Arrangements for Your Children - An Introduction to What You Need to Know
Firstly, we would like to welcome you to our blog.
Whether you are looking for more information about bankruptcy and family law, contemplating bankruptcy as an option for you or you are currently in bankruptcy while dealing with family law issues, our aim is to provide you with information that is easy to understand and assist you to navigate your situation.
We also understand that the thought and contemplation of divorce and separation can be incredibly stressful and troubling for you. In our earlier blog, we discussed the pathway to reaching an agreement as to the arrangements for your children. In this blog, we are going to delve deeper into these issues and highlight some procedural issues and alert you to some things you should look for.
The law as it applies to parenting matters in Australia is largely settled. The complexities in parenting matters arise as to specific issues that apply to each family trying to work out their parenting arrangements.
What happens when there is an allegation of family violence or risk?
In our earlier blog, we discussed the paramount principal. This is, it is in the best interests of a child to have a meaningful relationship with each parent, but so too, is their need to be protected from harm.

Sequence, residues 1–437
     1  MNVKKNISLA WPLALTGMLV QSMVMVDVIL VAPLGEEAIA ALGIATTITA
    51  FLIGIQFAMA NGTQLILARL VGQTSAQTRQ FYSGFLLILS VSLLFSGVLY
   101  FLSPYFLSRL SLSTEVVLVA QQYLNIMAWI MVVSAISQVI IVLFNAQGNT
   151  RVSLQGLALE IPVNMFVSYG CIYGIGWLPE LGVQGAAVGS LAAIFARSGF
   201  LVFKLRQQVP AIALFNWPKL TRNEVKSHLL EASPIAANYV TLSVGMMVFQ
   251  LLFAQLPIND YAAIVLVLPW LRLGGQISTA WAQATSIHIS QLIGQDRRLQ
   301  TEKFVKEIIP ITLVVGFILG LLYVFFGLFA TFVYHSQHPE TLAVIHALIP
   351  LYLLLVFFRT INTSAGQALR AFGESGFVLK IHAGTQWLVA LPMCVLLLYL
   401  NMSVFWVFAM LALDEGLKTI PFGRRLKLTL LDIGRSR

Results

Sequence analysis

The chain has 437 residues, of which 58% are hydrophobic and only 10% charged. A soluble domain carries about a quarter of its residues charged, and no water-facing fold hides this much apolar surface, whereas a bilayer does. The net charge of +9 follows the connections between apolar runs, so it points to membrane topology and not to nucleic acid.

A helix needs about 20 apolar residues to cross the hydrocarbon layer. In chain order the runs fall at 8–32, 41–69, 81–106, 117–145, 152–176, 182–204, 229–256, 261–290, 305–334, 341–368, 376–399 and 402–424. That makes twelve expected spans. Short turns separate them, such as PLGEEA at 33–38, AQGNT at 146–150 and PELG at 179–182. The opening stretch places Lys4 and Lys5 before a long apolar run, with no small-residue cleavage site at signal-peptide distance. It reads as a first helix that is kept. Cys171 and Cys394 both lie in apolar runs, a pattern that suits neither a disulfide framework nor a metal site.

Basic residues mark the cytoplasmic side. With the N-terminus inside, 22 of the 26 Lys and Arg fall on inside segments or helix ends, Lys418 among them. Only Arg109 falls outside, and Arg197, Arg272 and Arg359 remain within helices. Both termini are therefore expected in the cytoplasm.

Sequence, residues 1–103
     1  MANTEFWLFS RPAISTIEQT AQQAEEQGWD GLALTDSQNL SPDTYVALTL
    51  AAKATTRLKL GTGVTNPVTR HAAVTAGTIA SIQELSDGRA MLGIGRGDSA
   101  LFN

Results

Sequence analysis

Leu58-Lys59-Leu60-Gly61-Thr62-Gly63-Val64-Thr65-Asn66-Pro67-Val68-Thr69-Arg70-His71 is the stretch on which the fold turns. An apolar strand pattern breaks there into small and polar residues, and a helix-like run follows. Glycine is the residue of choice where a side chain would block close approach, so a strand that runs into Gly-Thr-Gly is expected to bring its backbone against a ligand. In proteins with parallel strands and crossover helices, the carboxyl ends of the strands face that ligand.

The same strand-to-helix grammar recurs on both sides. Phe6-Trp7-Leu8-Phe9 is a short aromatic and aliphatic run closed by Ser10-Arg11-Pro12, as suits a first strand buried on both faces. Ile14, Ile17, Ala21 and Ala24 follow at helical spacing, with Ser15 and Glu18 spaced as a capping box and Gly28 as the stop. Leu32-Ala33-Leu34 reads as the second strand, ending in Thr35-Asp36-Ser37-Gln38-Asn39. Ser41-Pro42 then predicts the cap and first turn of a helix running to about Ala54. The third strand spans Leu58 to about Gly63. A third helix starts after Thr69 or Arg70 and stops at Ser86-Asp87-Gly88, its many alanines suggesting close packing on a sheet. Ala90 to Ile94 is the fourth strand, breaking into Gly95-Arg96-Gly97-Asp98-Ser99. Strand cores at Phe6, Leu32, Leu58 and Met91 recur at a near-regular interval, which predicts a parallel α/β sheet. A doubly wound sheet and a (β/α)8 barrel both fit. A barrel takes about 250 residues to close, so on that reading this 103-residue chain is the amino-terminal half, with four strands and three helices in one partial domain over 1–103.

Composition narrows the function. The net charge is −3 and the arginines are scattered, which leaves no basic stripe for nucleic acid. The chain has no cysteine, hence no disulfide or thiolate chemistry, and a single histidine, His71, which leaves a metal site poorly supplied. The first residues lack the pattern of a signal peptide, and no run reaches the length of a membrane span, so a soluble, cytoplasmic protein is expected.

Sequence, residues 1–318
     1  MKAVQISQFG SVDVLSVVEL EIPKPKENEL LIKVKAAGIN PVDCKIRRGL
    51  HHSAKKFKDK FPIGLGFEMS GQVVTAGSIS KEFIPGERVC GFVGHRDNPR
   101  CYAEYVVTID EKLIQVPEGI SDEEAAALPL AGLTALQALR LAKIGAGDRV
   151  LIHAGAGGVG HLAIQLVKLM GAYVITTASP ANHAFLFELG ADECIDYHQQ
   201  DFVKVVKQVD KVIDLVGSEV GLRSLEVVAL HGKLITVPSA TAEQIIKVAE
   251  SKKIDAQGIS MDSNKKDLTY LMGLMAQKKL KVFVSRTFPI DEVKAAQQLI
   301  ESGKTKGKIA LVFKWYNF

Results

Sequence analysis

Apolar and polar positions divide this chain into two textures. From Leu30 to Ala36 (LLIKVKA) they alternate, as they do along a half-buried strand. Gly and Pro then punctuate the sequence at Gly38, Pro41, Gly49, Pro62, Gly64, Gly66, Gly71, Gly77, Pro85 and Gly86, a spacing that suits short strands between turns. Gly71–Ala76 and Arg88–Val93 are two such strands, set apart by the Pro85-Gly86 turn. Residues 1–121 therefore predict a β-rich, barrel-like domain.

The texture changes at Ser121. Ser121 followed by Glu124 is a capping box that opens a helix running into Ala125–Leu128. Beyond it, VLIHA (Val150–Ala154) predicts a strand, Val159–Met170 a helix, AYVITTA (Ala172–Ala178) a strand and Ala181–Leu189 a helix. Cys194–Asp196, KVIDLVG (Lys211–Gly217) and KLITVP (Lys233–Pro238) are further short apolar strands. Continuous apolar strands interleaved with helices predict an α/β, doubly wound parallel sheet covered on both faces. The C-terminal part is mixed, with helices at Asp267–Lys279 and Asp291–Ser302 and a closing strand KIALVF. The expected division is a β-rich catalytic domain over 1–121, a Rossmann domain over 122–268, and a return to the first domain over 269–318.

If an allegation of family violence or risk is raised, the court will always act protectively. This is a tricky dynamic to navigate and is entirely focused on the allegation itself and the seriousness of the alleged behaviour.
Where an allegation is made, complexity also arises where the relationship between both parents is usually fractured and their capacity to work together to make decisions about the children and facilitate changeover and consistent care arrangements is compromised.
Depending on the nature of the allegation, it is commonplace that psychological intervention is required:
- The court may make an order for a Child Inclusive Conference. This is where you and the other party, together with your children are interviewed by a psychologist employed by the court, whereby an assessment is made and a report written, which sets out all of the allegations, a preliminary view and assessment and recommendations as to the next steps. Any discussions in these interviews are admissible and can be put to the court;
- Depending on the age and maturity of your children, it may not be possible for them to be interviewed. In these circumstances, the court will likely make an order for the preparation of a Child Dispute Conference. This is the same as a Child Inclusive Conference, save for the children are not interviewed;
- The court may also make an order for a family report, or if you have financial capacity, a private family report known as a ‘single expert report’. We will explore this further below.
Navigating the circumstances for your children in this intervening period where the investigations are conducted can be extremely difficult and challenging. Moreover, it is a huge challenge for the court to treat these allegations with caution, while trying to maintain your children’s loving and meaningful relationship with you.